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Meagan post 4

As a cirrhosis patient I am so thankful for the medical professionals who saved my life when my body failed. They truly worked miracles on my behalf.  As I think about my experience, however, I’m reminded that they are really people just doing their job.  They are paid to do what they can to keep me alive. The unpaid heroes who gave of themselves and poured their own life energy into saving me are the ones that I am most thankful for. Sadly our society places too little value on caregivers.

The first time my mother took me home from the hospital, I was an infant. She’d been able to prepare for that though; learning how to take care of the needs of a baby by reading books and taking classes. She had support, with a wide network of family and friends available who knew how to do that type of caregiving, to answer those late-night questions and offer helpful tips. But when she took me home from the hospital after my cirrhosis diagnosis, she was much more alone. Overwhelmed, overworked, and unsure of what I needed. There were no books, there were no classes, and she knew no one with cirrhosis that she could reach out to for help. Suddenly she had to become a new kind of caregiver, for her grown-up daughter, with no knowledge of what I even needed to survive.

I always refer to the moment of finding out that I had cirrhosis as, “when we got the diagnosis.” Not, “I,” but “we.” Because with cirrhosis, the diagnosis doesn’t just change your life – it changes the lives of your loved ones too. Especially the one/s who are tasked with caring for you.

For us, the impact of my diagnosis was felt in so many ways, from many different directions, by everyone in my family.

  • I was hospitalized with liver failure in my hometown hospital. During the 11 days that I spent there, my mother had to try to balance her time between being there for me, and being at home to take care of my daughter. I’m a single mom, and at that time my daughter was only 6-years old. My mother would spend the night with her, get her to kindergarten in the morning, then come check on me at the hospital. Day after day.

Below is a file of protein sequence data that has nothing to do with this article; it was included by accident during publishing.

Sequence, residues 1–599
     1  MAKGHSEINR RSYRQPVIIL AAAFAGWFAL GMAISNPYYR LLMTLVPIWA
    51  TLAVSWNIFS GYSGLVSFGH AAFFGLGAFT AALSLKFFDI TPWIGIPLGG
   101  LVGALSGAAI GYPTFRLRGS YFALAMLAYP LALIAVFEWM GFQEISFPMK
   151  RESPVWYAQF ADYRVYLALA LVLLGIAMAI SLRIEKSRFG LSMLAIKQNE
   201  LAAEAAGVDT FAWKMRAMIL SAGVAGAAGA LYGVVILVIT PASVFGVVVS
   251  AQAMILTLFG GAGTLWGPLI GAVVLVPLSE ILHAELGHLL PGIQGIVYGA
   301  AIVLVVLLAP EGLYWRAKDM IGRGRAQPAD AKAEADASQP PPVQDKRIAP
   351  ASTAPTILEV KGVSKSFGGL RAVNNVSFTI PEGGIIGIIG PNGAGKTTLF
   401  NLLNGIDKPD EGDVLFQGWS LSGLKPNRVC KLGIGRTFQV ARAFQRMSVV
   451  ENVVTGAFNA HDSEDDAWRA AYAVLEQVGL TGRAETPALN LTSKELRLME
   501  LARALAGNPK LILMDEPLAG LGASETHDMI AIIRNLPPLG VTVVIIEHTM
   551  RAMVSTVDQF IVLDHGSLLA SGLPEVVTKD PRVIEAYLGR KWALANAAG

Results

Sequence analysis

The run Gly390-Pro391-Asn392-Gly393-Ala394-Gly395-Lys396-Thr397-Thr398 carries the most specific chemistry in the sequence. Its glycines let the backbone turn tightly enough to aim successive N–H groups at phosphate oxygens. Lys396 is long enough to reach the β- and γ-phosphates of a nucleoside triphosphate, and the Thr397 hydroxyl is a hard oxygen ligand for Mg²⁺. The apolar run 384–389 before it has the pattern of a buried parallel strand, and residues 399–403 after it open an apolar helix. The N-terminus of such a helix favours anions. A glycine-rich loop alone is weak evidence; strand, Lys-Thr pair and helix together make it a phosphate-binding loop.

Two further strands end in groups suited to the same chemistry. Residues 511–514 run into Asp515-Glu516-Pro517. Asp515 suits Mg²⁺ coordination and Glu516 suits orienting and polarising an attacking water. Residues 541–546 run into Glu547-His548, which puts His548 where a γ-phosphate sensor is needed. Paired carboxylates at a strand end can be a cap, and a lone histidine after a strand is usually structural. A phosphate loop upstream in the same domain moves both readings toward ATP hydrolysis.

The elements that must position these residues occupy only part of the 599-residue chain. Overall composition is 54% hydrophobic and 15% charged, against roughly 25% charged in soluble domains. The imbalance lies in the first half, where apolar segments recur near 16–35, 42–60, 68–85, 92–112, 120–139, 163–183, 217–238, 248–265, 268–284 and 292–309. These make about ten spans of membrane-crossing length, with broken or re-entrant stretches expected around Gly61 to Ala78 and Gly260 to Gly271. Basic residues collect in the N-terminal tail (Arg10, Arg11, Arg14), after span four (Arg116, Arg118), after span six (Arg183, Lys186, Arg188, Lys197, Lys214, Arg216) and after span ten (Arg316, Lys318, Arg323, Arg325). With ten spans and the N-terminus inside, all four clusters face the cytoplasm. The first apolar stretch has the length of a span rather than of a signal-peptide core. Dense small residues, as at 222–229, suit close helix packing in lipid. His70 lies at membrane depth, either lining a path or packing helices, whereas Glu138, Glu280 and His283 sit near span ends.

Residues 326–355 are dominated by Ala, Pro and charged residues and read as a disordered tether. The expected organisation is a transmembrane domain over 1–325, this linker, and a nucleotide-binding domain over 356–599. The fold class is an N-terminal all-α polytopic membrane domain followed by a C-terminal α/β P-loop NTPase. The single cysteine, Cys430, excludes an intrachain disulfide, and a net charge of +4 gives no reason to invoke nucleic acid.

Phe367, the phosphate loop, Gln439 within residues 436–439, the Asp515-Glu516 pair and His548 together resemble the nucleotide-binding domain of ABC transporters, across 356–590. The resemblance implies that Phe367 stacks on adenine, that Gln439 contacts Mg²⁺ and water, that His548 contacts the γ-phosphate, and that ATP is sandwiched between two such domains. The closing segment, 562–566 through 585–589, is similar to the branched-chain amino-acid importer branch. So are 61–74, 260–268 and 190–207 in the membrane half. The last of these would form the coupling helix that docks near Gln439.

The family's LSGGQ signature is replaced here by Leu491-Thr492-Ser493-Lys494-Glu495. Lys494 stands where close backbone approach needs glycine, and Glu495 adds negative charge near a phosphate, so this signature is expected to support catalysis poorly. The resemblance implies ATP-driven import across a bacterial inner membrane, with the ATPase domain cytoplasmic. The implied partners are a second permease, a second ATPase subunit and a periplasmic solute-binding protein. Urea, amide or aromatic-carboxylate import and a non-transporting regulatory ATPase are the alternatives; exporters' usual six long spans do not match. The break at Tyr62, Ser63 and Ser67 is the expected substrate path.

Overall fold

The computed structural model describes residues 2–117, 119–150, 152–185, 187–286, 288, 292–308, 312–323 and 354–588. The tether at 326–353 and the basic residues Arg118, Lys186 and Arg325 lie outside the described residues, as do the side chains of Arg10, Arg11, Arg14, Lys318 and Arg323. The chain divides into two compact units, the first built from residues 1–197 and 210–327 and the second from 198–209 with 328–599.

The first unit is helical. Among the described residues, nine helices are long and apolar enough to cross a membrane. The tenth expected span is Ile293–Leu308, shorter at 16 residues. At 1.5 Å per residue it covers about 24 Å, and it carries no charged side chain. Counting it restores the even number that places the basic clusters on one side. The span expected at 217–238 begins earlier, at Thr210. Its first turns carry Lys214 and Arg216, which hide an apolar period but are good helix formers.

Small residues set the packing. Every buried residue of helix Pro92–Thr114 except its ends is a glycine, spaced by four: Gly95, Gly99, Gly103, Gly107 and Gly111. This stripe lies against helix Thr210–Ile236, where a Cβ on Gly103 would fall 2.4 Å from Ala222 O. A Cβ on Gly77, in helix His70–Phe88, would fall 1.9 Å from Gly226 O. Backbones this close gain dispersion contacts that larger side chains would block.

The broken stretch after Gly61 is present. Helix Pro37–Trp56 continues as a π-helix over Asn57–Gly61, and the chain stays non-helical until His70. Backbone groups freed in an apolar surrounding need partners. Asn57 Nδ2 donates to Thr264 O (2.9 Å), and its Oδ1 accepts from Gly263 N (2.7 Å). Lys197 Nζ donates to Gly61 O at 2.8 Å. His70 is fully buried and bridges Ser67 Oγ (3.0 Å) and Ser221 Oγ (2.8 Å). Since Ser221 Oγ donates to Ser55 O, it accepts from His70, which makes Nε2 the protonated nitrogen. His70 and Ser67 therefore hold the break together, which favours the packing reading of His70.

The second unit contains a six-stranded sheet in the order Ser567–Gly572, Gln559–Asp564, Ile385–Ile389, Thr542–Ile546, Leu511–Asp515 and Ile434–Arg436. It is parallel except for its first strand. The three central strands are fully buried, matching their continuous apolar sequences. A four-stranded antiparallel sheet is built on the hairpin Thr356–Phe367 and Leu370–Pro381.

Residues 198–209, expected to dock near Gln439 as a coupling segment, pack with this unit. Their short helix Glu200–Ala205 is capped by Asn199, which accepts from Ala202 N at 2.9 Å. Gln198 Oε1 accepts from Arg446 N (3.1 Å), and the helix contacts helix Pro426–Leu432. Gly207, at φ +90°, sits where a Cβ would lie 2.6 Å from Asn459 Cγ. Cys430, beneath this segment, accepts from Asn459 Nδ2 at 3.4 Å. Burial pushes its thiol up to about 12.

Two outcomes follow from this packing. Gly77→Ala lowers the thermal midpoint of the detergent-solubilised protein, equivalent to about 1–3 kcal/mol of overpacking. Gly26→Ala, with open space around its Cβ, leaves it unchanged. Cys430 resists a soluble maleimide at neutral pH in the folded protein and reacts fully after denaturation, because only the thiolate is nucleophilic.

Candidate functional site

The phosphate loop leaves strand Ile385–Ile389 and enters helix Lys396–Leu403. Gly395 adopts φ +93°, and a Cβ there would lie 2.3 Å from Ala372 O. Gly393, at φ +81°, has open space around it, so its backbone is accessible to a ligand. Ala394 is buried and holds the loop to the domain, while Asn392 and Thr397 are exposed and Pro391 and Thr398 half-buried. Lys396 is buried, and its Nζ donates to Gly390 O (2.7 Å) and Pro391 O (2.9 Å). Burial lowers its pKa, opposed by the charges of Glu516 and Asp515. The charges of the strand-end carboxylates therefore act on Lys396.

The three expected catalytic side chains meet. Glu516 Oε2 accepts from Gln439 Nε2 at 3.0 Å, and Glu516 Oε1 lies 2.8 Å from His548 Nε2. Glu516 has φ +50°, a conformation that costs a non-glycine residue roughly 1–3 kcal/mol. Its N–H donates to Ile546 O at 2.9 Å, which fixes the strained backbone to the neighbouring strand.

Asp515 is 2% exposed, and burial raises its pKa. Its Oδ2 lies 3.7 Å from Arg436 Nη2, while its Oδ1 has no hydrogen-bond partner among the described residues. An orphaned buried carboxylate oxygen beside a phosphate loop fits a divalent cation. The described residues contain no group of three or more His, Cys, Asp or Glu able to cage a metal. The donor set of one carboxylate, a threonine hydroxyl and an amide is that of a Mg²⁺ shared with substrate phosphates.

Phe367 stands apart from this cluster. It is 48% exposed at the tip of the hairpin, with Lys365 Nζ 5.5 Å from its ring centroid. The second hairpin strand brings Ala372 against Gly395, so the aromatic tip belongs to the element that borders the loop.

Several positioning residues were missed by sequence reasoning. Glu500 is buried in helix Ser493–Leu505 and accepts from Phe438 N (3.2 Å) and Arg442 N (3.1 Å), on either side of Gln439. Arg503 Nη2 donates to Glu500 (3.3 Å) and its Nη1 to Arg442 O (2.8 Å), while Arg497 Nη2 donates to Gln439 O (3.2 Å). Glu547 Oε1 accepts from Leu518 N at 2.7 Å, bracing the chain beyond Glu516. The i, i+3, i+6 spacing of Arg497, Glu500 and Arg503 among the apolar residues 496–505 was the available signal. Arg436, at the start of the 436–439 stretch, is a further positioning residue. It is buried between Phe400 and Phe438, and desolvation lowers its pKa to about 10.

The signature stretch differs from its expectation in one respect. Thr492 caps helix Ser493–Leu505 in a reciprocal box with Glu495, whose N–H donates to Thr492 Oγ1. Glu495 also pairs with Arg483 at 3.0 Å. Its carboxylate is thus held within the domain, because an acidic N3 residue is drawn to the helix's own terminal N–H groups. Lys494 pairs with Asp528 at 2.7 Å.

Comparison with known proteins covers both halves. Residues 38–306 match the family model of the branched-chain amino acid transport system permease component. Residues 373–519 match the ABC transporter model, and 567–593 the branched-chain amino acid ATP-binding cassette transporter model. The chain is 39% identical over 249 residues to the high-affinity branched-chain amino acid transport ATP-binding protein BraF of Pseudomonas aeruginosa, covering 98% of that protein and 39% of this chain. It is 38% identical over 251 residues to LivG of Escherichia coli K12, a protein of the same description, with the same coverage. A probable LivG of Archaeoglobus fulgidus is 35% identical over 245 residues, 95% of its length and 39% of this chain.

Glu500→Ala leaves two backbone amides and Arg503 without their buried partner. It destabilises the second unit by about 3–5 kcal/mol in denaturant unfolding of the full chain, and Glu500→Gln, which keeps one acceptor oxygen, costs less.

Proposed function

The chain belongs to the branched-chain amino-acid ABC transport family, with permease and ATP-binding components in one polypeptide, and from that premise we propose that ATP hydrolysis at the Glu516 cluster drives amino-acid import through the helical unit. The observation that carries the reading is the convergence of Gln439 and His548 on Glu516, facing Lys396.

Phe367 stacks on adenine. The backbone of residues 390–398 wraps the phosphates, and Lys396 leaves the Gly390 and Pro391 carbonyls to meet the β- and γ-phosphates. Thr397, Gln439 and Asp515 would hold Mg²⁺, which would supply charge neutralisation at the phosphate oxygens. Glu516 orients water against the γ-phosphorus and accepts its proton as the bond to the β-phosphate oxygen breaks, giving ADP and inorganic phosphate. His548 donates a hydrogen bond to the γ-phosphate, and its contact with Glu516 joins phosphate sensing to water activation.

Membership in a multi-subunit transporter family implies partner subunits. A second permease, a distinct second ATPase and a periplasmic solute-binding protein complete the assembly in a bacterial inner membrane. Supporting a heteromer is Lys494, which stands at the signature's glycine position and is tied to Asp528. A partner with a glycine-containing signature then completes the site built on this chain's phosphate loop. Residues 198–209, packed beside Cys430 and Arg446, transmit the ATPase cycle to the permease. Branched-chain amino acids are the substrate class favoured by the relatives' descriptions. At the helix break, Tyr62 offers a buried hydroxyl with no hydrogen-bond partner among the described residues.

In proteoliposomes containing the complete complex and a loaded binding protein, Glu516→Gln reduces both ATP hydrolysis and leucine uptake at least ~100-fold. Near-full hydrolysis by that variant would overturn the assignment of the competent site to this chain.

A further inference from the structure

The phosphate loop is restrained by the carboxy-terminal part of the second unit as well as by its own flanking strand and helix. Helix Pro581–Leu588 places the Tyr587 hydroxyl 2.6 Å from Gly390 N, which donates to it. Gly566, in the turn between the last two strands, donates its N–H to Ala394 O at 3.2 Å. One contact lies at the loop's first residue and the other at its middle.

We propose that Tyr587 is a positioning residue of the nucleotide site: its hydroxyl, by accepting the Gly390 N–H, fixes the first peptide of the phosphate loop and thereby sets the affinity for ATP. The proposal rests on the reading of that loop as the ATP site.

• Then I was moved by ambulance to a much larger hospital 3 hours away from home. My mother came to stay with me there for weeks, as they did a biopsy to identify cirrhosis, as I went through dozens of other tests to determine cause, and as they tried their best to stabilize me.
  • While I was away from home, my brother back at home had to help, by getting my daughter to and from school, and staying with her when she wasn’t with her dad – while still juggling the needs of his own busy family and business.

Everyone had to disrupt their lives and livelihoods, overnight, as they pulled together to take care of the details of my life, while I fought hard to simply stay alive.

My mother remembers, too clearly, the moment when the hepatologist gave me the diagnosis, and how her stomach dropped as the doctor told her that the biopsy showed Stage 4 cirrhosis. He assured her that stage 4 cirrhosis was not like stage 4 cancer – there wasn’t really any treatment, there were no drugs to fix it, and no surgeries to try, but there was hope.